In my experience selling wine, Chardonnay is one of those varietals that drinkers either love or hate. Those who love it will then be a Chardonnay drinker for life and often find one brand they love and hold on to it tightly.
Conversely, some drinkers try one glass, decide that Chardonnay is not for them, and never look back. Little do they know that there are two faces to Chardonnay. You should try both ends of the spectrum before you give up completely!
Greig told us in this profile on Chardonnay that it has one of the widest ranging tasting and aromatic profiles of any grape variety. But is it necessary to try hundreds or even thousands of Chardonnay’s before you find “the one?” No! (Although it’s a lot of fun). Just ask yourself the questions below to find your style.
- Do I like a wine that’s full bodied, thick, or of a creamy texture? (Think whole milk or heavy cream)
- Do you want subtle fruit flavors of apple and pear?
- Do you enjoy loads of vanilla, coconut, or even a bit of clove and toast?
- Do I like movie theater butter on my popcorn?
- Do I like lower acidity, as in not too much bite?
If you answered yes to all, or the majority of these questions, your drinking style is likely to be an Oaked Chardonnay that has gone through secondary fermentation. California celebrates this winemaking style. Some of the most prestigious Chardonnay’s have been coming from the Russian River Valley in Sonoma, or Carneros in Napa Valley. These types of Chard’s are often aged in New American Oak barrels. It’s in these barrels that the butter, toast and vanilla flavors from the wood begin to escape into the wine. Secondary malolactic fermentation enhances the creamy texture and buttery flavor while cutting out some of the natural acidity of the juice. These wines often have a long finish.
Or are you not Oaky?
- I like Light to Medium bodied wine with a subtle creaminess (think skim milk).
- I like bursts of green apple, lemon, pineapple, guava, or even banana.
- I like floral notes and cold limestone minerals.
- I like elevated acidity, creating a crisp finish.
If this is more your style, you’ll love an “un-oaked” or more sparingly oaked Chardonnay. Preferably from a cooler climate, grown in rocky, mineral laden soil. Many argue the best Chardonnay’s crafted this way are from Burgundy. Wines here are often aged in neutral oak, stainless steel and or concrete.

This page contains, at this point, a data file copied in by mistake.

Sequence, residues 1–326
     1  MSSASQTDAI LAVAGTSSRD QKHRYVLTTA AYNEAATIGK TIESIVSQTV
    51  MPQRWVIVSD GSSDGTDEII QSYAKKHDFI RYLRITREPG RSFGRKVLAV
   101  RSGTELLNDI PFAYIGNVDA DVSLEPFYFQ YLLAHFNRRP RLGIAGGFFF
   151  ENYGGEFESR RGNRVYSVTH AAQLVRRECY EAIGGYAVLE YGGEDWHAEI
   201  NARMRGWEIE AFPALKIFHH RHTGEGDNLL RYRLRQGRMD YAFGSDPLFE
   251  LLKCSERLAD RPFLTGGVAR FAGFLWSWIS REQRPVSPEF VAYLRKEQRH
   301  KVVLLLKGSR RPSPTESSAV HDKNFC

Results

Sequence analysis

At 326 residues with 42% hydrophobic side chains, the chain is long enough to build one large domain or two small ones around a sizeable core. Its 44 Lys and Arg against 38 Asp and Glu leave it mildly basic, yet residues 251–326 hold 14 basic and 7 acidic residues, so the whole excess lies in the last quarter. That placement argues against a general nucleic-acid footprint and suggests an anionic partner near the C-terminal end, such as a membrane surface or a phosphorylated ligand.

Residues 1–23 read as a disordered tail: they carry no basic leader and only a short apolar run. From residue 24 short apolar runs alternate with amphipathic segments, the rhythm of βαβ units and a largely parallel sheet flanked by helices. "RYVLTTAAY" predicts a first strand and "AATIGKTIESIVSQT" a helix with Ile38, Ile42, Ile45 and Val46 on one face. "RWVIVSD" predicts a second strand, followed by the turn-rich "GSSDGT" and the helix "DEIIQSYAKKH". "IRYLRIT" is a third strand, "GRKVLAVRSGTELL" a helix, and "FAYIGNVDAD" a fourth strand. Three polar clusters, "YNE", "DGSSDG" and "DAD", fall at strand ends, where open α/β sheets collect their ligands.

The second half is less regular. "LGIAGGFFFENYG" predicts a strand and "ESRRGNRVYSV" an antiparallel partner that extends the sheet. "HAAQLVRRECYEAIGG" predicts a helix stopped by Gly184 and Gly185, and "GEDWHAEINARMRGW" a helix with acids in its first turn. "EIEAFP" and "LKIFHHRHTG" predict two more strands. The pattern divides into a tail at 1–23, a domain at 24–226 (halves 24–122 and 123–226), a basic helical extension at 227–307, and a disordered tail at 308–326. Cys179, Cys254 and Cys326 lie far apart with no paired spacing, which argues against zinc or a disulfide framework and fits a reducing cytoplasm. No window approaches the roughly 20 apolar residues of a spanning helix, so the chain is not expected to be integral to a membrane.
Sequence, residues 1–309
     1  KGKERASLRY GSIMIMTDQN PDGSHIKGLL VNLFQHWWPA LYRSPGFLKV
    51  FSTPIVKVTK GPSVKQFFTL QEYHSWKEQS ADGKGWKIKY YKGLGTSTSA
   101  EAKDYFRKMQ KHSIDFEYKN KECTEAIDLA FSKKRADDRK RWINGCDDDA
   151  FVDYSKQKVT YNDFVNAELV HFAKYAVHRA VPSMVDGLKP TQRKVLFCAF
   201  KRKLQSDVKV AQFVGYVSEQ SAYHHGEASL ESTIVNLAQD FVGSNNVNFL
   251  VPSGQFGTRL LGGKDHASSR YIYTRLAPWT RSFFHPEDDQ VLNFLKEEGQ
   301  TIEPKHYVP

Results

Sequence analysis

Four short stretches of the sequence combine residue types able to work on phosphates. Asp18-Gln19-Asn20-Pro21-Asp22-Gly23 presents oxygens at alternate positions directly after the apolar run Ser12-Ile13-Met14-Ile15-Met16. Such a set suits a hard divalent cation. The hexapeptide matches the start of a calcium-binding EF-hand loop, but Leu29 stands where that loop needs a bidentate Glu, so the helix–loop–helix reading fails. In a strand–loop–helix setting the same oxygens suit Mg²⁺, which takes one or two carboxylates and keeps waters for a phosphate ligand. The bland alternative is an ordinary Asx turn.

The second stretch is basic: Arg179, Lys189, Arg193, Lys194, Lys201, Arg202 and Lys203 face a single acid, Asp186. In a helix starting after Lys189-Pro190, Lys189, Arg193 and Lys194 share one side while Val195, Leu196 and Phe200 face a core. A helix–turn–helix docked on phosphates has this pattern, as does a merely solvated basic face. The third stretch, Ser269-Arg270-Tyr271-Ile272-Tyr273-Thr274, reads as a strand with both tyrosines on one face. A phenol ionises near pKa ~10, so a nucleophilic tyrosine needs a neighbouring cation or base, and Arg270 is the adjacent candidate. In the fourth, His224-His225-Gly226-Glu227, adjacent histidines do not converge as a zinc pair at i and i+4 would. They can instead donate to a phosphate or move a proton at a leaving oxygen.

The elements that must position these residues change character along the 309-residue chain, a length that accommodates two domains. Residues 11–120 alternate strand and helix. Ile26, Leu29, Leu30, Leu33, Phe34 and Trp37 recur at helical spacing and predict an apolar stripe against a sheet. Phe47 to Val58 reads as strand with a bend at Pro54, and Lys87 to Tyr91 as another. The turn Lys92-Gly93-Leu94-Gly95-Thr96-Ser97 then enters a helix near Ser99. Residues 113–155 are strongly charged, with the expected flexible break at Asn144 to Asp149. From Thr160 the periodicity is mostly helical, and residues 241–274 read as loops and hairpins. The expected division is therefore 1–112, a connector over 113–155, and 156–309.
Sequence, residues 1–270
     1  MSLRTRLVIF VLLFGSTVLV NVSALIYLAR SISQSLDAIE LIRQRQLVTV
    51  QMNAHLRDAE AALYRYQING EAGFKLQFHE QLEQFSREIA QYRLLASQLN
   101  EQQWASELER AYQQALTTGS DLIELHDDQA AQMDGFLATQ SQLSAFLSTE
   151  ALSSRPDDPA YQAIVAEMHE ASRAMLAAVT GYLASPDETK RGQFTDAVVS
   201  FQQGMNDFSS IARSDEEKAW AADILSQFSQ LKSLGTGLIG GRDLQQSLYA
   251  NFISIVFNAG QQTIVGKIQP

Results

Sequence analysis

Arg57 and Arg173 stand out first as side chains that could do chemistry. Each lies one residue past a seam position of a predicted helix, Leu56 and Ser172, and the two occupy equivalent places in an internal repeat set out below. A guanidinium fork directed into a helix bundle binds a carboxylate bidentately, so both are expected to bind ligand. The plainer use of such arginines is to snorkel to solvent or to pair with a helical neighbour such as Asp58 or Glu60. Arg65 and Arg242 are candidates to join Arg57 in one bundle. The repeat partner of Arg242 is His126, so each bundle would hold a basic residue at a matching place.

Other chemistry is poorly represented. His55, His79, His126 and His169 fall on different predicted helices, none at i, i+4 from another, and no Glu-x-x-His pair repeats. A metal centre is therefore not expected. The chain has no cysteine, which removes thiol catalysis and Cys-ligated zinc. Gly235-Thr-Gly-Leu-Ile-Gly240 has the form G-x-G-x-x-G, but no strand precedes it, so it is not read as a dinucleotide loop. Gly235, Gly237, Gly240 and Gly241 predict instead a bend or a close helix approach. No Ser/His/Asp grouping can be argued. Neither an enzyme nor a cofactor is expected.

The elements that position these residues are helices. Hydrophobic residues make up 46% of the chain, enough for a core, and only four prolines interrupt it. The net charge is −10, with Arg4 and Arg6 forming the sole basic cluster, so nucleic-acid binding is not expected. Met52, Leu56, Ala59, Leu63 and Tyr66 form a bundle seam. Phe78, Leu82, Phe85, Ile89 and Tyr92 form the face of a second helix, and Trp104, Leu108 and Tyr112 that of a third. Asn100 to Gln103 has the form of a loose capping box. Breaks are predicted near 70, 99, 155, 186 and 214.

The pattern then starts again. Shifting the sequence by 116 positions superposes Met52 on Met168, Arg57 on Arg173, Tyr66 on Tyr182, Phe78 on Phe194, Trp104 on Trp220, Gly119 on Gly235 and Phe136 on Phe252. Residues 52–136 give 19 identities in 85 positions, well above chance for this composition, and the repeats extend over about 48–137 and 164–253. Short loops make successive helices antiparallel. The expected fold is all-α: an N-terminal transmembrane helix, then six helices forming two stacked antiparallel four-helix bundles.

The wine may still go through secondary fermentation, giving it an edge of creaminess, but the buttery texture will not be as prevalent. You will be able to taste more of the fruit forwardness and acidity from the Chardonnay grape. Ripeness also greatly affects flavor.
I Can’t Decide!!
What if you fall somewhere in between the two styles? There is a perfect Chardonnay for you too!
Luckily, we can blend grape juice that’s been fermented in different ways. Winemakers may take 50% New Oak aged juice and mix it with 50% stainless steel aged juice to create a well balanced Chard with mild hints of oak and medium acidity. (Try the 2013 River Road Russian River Valley Reserve for under $15, Total Wine has it).
It’s even common to blend 20% malolactic fermented juice with 50% ‘malo’ to achieve a very precise texture. The possibilities are endless!
By now, hopefully you have a better idea of your preferred Chardonnay style. So how to shop for the perfect bottle? Unfortunately it’s unlikely the label will give away all the winemaking secrets. My advice? Start with the region that is known to make the kind of Chardonnay you are looking for.
California is experimenting widely with oak aging. If that’s your thing, try the Russian River Valley or Central Coast. Un-oaked Chardonnay can also be found throughout Cali, but you’ll have a better chance in Chablis, Burgundy, France.
I hope there is a little Chardonnay drinker inside of all of you. Cheers!